Just saw George Saunders at the NYPL, “interviewed” by Dick Cavett. The format was conversational, often dominated by Cavett’s frequent poetry citations. Like this one, from Philip Larkin’s poem “Aubade”:
I work all day, and get half-drunk at night.
Waking at four to soundless dark, I stare.
In time the curtain-edges will grow light.
Till then I see what’s really always there:
Unresting death, a whole day nearer now,
Making all thought impossible but how
And where and when I shall myself die.
There was a collective “Mmmm” from the audience in response to the poem’s profundity. Yet the atmosphere remained light and jovial, in part due to Saunders’ ChicAHgo spin on words and Cavett’s well-earned nostalgia.
Saunders was as humble as ever, injecting the dialogue with deeply insightful and humorous lines. When asked to describe himself in “Tweet format,” he responded with: “Why so hard to get smarter & nicer?” Saunders describes one’s personal style as the language “that is readily available to you.”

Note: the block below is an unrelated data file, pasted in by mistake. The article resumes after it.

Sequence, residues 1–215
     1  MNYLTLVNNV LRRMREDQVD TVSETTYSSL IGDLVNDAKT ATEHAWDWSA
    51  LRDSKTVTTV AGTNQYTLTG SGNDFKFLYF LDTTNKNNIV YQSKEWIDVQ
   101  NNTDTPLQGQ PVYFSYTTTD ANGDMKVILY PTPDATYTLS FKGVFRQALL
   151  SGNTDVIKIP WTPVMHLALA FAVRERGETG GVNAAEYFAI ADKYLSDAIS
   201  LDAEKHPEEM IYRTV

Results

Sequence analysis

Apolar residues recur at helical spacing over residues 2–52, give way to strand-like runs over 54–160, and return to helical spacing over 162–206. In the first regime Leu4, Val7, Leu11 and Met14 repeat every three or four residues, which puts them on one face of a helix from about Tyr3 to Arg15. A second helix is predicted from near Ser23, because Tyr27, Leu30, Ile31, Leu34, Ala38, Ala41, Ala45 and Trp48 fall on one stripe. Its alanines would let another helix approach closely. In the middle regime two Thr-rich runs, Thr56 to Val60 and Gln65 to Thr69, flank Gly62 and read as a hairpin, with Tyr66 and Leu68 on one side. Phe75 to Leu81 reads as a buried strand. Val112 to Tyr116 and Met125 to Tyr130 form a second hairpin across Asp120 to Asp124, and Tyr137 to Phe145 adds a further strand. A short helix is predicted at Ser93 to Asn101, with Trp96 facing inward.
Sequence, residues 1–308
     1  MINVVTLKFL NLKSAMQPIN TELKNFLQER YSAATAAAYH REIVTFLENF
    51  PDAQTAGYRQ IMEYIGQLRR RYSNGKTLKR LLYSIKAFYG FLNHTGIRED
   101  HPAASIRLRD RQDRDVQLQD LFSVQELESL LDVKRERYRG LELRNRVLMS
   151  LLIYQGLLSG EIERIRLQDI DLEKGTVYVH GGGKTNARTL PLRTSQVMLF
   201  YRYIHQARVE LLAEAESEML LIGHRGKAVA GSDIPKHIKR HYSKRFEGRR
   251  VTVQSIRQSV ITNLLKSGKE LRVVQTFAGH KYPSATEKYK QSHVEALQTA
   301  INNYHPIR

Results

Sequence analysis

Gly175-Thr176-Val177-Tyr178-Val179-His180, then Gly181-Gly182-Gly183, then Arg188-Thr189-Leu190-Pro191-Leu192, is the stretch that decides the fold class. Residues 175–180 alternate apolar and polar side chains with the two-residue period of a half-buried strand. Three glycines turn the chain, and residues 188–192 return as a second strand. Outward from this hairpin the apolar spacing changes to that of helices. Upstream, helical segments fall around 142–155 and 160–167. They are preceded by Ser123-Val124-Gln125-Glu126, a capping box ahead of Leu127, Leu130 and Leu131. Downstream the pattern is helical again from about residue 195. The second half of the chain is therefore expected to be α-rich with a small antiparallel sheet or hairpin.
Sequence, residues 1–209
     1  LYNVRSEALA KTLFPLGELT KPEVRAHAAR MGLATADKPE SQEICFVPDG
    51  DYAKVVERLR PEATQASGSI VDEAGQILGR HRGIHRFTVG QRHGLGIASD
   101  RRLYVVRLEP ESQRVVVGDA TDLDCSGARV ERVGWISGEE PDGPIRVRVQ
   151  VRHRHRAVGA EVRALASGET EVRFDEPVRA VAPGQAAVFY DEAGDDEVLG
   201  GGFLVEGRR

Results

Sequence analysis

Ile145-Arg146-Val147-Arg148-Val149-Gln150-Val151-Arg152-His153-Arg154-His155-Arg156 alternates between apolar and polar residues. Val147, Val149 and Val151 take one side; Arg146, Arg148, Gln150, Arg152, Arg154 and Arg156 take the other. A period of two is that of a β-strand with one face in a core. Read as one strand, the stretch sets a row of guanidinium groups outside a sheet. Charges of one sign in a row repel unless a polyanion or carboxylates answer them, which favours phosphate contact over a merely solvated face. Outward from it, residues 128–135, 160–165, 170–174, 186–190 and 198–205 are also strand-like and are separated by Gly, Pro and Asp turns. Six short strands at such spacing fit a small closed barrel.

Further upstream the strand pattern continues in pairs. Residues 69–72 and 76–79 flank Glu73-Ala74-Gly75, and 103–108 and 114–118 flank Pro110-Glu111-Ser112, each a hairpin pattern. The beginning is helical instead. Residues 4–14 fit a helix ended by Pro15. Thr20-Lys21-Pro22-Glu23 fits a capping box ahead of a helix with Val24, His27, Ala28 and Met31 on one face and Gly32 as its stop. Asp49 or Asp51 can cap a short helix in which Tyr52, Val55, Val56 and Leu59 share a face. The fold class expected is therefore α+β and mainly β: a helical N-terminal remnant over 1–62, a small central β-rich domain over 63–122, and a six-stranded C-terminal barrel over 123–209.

George Saunders says of Dick Cavett, “he taught me how to be a person.” Cavett’s show created a space for falters, missteps, and insight– a space for humans to be human. And Saunders teaches me how to be human– with his humility, humor, and outlook. “Tenth of December” answers the question “Will good or bad prevail?” with “Well, how ’bout both?” BOOM. Human.
Cavett referenced Truman Capote and his lovely, lovely little voice. Thought I’d share: